The World Federation for Mental Health (WFMH) will turn the global
spotlight on suicide next month to increase public awareness of the problem
and reduce the incidence of suicide around the world.
World Mental Health Day falls on October 10 and the theme is"
Building Awareness—Reducing Risk: Mental Illness and
"The devastation that suicide can cause should be a major concern
both in the United States and across the globe. We know the facts—that
left untreated, mental illnesses can be as lethal as untreated cancer,"
said James H. Scully Jr., M.D., medical director of APA. "Bringing
attention to mental illnesses and suicide during World Mental Health Day 2006
is both timely and essential. The more information psychiatrists and other
mental health professionals can provide to the public through public-awareness
events, educational tools, and one-to-one outreach, the more lives we can
Scully is a member of the World Mental Health Day 2006 Scientific Advisory
According to the WFMH, there are 1 million suicide deaths each year around
the world, representing 1.4 percent of the total global burden of disease.
At least 90 percent of those who die by suicide have at least one
undiagnosed mental illness, which includes drug or alcohol use disorders.
"These facts should motivate governmental bodies and officials to pay
greater attention to the negative social and economic consequences that result
from failure to implement progressive national policies and strategies to
address the unmet needs of people with mental illness and at risk for
suicide," according to the WFMH.
This year, the WFMH has collaborated with the International Association for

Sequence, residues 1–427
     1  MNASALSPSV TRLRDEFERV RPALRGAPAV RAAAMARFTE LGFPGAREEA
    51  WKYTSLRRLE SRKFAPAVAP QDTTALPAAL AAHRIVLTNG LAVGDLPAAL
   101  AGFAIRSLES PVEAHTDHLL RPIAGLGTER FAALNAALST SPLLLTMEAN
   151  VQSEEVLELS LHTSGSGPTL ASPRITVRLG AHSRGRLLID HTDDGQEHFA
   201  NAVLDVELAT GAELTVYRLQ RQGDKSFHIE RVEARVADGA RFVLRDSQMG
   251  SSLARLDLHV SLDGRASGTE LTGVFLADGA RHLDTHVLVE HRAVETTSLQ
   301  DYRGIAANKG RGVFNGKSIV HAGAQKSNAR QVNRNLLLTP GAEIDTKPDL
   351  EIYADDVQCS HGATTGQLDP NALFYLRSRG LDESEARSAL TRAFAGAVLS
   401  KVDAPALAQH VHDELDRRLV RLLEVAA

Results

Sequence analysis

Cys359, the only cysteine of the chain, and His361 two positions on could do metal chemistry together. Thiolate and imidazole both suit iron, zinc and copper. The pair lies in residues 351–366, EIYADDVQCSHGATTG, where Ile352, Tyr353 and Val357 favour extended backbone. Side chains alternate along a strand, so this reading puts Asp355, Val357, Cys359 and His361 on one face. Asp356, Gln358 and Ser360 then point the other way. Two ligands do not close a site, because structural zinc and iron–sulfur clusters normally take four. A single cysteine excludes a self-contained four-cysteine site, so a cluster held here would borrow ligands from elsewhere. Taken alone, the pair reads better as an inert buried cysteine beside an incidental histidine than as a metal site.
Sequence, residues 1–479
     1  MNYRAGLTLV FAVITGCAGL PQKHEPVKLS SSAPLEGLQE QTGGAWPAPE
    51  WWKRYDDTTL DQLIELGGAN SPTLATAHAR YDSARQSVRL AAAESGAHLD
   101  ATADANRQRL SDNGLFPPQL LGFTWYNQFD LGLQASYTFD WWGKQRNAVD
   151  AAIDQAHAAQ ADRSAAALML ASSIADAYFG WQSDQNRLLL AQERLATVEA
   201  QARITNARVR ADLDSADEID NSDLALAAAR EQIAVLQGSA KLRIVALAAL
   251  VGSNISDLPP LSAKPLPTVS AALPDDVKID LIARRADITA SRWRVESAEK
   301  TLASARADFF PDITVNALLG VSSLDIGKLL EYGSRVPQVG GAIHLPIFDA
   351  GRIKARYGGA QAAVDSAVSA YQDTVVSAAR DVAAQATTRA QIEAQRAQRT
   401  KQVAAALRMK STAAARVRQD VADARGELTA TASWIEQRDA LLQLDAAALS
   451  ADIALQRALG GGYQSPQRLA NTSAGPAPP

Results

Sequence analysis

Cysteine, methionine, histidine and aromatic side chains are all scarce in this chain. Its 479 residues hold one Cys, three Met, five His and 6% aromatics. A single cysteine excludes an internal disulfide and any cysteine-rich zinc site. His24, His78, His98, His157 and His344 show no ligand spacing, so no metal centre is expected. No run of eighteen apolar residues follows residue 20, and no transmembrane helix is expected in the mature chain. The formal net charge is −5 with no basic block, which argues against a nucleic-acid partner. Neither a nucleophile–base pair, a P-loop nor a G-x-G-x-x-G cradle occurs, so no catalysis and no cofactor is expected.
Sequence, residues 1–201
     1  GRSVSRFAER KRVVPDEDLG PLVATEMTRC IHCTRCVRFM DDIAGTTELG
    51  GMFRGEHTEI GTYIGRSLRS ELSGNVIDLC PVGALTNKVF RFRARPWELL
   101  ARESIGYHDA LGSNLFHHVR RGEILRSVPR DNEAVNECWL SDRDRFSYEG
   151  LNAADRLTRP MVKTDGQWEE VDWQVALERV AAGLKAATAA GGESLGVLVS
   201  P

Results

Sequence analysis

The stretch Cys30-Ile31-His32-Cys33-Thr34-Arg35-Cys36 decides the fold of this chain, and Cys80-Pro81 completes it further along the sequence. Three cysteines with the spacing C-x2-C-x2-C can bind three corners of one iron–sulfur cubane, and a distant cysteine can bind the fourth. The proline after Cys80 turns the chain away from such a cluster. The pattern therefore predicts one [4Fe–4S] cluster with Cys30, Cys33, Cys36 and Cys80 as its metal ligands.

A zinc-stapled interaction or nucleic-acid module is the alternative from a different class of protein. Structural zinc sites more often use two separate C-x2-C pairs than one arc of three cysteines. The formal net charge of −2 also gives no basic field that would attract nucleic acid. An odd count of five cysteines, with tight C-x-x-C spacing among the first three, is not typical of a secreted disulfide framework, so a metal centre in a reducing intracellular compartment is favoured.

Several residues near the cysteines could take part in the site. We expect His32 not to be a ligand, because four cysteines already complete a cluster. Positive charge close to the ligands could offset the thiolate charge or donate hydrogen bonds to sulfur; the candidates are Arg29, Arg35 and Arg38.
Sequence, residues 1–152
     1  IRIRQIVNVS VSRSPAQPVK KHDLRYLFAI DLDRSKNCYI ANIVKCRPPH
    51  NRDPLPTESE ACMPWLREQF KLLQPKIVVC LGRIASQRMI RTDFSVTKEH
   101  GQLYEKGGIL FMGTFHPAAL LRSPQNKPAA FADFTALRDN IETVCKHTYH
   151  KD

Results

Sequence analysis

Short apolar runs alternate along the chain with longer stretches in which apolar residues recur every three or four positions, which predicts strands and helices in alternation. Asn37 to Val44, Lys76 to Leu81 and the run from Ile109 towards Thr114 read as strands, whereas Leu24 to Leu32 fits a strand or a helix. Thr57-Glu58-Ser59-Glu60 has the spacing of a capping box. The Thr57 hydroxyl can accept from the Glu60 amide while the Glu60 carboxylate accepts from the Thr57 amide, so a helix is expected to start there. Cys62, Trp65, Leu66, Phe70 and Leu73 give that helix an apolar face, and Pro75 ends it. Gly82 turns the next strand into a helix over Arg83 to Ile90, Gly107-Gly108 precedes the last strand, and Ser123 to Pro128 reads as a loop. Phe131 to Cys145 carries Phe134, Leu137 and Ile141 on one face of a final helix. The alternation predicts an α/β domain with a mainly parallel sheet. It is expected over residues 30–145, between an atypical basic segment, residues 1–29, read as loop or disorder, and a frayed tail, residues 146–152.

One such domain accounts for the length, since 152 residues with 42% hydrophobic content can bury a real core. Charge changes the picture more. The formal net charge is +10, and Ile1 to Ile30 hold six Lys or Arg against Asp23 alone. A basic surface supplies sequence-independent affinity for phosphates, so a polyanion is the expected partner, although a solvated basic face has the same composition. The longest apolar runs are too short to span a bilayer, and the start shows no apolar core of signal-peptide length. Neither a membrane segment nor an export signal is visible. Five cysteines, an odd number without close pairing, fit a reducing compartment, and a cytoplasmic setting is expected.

Suicide Prevention to promote World Suicide Prevention Day, which falls on
Each year since 1992, local, regional, and national mental health agencies
across the world have commemorated World Mental Health Day by planning
activities to educate the public about the prevalence, prevention, and
treatment of certain mental illnesses.
This summer the WFMH distributed thousands of informational packets to
mental health agencies and clinics, governmental organizations, and medical
associations thousands of packets. Information covered suicide prevention and
the responsible reporting of incidents of suicide by the media.
Also included were tips on how to commemorate the day, such as connecting
with local suicide-prevention programs and support groups, planning walks or
marches to raise awareness of suicide, and scheduling media conferences. Other
materials expose prevalent myths about suicide—that people who talk
about suicide won't really act on it; that if a person is determined to commit
suicide, nothing can stop him or her; and that talking about suicide may give
others the idea to commit suicide.
More information about World Mental Health Day 2006 is posted at<www.wfmh.org/wmhday2006.htm>.▪